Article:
I agree with the sentiment but its perhaps a bit strong. What is required is a reworking of what brand safety and brand guidelines mean. There are a few points here.

  • Baby steps. Its a bit teenagery to petulantly expect companies to rip up the rule book on the spot because a bunch of guys with beards say so. With an understanding that we all want the brand to achieve the best success whilst minimising risk, I’ve found that the win is to pick small, safer executions which are going to demonstrate success. It is from precisely these demonstrative projects that we can build the processes for a new set of guidelines. In fact, in one recent project which took place over 3 months, the client themselves were pushing us to be more risque by month 2.
  • Get this on the agenda. I don’t have an answer to this issue - and I suspect that its going to be very different from client to client. However, its completely clear from the interest in this area that all brands want to be able to play in social content. To that end, its beholden upon clients to push up through their marketing top brass to corporate and educate about what is happening here. A 2 tier ‘danger level’ from legal in terms of polished vs social output? An always on legal counsel? Whatever the outcome, if brands can’t play effectively in social content, at some point its going to hit the bottom line.
  • I have said before that content shock is rife. As a result, its important that content is unpolished and has spiky edges so that it catches the attention of consumers in social environments, rather than smoothly passing through unnoticed. Content created for lean back media like TV had the luxury of being put in front of people while they were consuming it. In social it needs to demand attention or merit sharing with peers. The fundamentals of legacy brand safety are at odds with this new social content requirement.
  • Which brings me to a perhaps, sensationalist point. It may actually be irresponsible for brand guardians to be too prescriptive in content guidelines as it can adversely affect brand perceptions and sales. In old school sales terms, thats called pushing the bruise.

4. Planned spontanaity vs reactivity

With every campaign we undertake, we’re now beginning to see a correlation between brands who have more stringent brand guidelines and campaigns which have a higher amount of ‘planned spontanaity’ vs reactivity.

By planned spontanaity, I mean an understanding of a thing that is going to happen and the ability to get written, image or video output prepared to respond to that.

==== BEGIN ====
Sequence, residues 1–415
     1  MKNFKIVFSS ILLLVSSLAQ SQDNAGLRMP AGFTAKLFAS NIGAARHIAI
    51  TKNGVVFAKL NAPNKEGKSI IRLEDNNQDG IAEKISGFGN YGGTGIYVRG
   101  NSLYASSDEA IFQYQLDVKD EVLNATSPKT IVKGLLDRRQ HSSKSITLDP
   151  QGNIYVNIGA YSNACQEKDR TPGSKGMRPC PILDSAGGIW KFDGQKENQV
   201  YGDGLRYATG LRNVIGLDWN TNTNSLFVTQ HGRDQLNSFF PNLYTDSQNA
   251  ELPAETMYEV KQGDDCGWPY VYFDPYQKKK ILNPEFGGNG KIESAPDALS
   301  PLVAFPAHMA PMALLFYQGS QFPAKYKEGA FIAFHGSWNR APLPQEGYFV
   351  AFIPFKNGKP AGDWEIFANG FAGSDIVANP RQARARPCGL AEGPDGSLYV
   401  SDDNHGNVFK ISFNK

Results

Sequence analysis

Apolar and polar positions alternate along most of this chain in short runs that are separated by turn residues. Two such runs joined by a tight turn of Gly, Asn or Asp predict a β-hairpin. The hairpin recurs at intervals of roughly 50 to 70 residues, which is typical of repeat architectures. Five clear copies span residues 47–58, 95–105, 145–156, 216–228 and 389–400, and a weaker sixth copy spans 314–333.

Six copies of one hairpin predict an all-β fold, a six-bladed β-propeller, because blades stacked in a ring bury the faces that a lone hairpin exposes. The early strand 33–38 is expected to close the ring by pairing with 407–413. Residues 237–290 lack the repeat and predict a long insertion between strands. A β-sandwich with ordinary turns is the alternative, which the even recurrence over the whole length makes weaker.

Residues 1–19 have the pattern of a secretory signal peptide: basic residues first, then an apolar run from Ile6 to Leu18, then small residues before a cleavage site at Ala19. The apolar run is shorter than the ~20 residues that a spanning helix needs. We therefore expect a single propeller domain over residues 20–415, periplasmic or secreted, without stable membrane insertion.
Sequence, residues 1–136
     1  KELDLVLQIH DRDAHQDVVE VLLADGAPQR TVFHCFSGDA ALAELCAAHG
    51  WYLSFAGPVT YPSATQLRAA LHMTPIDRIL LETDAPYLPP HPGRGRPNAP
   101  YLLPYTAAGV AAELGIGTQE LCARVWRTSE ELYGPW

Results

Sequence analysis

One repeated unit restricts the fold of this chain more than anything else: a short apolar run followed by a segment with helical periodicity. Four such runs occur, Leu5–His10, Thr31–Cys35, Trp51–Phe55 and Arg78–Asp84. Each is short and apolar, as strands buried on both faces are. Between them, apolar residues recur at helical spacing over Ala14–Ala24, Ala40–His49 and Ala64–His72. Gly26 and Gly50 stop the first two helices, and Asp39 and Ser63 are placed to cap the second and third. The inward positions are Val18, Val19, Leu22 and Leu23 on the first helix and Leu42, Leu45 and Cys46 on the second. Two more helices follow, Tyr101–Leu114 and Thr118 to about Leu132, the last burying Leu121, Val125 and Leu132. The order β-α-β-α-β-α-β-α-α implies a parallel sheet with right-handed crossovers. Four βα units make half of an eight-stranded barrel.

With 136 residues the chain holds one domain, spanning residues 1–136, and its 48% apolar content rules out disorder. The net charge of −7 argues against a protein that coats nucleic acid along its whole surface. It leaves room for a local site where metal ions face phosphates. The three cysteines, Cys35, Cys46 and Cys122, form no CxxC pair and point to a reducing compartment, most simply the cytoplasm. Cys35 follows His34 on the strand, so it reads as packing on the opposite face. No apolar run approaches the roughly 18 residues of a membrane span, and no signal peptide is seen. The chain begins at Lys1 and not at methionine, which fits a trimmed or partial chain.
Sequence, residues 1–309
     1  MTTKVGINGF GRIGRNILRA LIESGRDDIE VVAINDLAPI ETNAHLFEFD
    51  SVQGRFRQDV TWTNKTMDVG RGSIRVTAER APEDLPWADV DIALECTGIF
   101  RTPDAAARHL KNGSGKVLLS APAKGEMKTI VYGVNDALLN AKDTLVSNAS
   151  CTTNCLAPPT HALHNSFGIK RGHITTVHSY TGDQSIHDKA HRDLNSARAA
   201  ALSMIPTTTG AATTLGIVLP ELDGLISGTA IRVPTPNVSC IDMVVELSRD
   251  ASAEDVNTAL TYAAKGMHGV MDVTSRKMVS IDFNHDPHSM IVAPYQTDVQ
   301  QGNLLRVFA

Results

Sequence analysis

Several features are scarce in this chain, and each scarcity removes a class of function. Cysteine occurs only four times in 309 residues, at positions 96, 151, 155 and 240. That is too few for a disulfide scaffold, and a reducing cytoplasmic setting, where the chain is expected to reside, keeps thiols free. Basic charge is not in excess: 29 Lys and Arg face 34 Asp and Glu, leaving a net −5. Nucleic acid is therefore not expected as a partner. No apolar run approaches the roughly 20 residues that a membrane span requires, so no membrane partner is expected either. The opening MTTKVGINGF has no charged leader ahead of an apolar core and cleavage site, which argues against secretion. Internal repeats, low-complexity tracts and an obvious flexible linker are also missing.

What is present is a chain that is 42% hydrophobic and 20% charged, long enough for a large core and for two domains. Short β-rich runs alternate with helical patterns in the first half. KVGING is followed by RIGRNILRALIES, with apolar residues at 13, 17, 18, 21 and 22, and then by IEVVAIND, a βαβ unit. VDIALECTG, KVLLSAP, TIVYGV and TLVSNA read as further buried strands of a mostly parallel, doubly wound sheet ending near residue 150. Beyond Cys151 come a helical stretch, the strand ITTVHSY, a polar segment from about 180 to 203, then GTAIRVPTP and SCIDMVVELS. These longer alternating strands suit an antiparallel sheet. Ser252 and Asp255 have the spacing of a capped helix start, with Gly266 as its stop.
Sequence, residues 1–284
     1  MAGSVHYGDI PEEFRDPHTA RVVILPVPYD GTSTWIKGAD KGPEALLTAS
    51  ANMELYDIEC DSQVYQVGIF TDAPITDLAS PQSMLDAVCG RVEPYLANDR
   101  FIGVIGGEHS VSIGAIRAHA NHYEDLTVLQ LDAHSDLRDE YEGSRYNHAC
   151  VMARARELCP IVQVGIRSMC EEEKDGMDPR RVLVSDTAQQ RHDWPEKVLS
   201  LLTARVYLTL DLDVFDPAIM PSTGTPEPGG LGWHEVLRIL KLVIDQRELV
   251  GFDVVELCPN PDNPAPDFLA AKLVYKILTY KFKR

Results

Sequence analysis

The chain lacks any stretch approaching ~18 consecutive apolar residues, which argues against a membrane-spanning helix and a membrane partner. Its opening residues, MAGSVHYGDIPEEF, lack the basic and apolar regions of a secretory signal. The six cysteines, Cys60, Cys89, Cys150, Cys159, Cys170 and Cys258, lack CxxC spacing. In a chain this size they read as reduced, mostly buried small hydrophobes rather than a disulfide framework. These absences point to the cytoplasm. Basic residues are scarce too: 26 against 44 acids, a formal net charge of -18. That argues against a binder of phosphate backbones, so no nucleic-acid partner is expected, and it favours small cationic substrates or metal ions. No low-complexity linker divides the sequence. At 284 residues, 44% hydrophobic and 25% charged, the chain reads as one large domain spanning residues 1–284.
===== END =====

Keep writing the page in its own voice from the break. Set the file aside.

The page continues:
We know that #GBBO is going to be on and it’ll be biscuit week ( sorry I’m not obsessed by #GBBO, its just sprung to mind a lot today - perhaps its because I look a bit like Iain Watters ) therefore its pretty easy to create content which will speak to that.

There are a lot of benefits to this. One can follow pared down brand safety measures, spend time on coming up with a good piece of content which can gain traction through its ingenuity. All while riding the wave of topicality, socials prevailing wind.

When Germany were drubbing Brazil in the World Cup semi final, like many others, I had ‘The joy of sechs #BRAvsGER’ lined up after goal 3. Its easy to plan for what might happen.

Adidas had a VAST bank of content at the ready for the World Cup at the extreme end of this as a more professional example.

Reactivity is the scary stuff. Well, for the lawyers and brand guardians at least. In the here and now of the processes of all this being defined, its often prudent to focus more on planned than real time.

5. A redefinition of collaboration

Finally, this word. Collaboration. I really hate it because its been overused a lot in the last couple of years. Mainly in the context of simply not being true. Sticking a group of stakeholders in a room who can’t bear or trust each other to service the client is not collaboration.

In the points I’ve covered above, it has required very frank and open relationships to execute. Companies don’t do deals, people do and its precisely those people who’ve made the campaigns we’ve worked on successful. Through an understanding that we’re collectively having to write a new rule book. Through a desire to do good work that sets the precedent for bigger and better opportunities. Hells bells, through having a bit of fun in what can often be a stressful process.

Barney Worfolk-Smith is a director at That Lot, a social content company who create output of all kinds for brands in social as well as the brand experiences and stories that link them together. You’ll find him tweeting @mightybarnski and can reach him barney@thatlot.co.uk.